The thing is, even if insider professionals tell themselves over and over that something is true about market behaviors and perceptions, it doesn’t actually make it true. There are enough examples of this within our industry to fill an article on its own. (“If we build it, they will come” is an excellent movie quote, but tickets to cultural organizations are not generally bought. They are sold.) Here’s a one-department example that can impact an organization in the opposite way that is intended.
Ask a curator or performer about “membership fraud,” and you may get a shrug. Ask the membership director, however, and you may get an earful on a potential existential threat to an organization’s solvency that is being heroically averted on a daily basis. This makes sense! The membership folks constantly hear about – and “catch” – fake members trying to get in on someone else’s membership or guest pass. The threat is top-of-mind and, in many cases, is continually reinforced as a problem.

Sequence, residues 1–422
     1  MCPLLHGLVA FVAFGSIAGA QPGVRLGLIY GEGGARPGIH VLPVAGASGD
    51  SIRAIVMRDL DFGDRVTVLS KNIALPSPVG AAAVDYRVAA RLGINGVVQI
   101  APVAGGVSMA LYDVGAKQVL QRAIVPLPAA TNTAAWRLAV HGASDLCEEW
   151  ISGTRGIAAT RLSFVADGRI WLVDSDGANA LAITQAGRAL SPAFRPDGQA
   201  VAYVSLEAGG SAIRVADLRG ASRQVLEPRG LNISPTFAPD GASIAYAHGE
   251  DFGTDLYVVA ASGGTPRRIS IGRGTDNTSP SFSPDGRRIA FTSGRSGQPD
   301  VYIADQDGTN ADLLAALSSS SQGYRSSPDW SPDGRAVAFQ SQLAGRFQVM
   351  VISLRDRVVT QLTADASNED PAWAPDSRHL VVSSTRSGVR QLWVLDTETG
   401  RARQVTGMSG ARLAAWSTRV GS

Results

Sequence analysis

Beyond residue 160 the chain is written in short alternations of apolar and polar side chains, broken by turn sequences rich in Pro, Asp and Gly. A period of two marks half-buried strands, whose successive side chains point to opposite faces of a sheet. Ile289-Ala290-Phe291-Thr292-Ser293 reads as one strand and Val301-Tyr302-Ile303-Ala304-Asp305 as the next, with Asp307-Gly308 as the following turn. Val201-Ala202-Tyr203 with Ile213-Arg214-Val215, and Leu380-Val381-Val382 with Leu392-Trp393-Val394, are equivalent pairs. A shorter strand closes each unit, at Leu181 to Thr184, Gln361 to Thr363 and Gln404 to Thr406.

When we look at the math, however, training “membership police” may lose an organization more funds than those “lost” from membership fraud in the first place.
Checking IDs against membership cards is a top dissatisfier for premium members to cultural organizations ($250 memberships or greater). Let’s first acknowledge that organizations openly ask for an ID in addition to the membership card because they believe that their members – the backbone of their organization – might be conspiring to perpetrate a fraud against them. Sound harsh? It’s not entirely untrue. So if we’re going to “welcome” members by carrying out a top dissatisfier, it’s in our best interest to make sure that the gain is worth the gripe.
IMPACTS monitored 11 cultural organizations and we found that the membership fraud incident rate was 1.9%.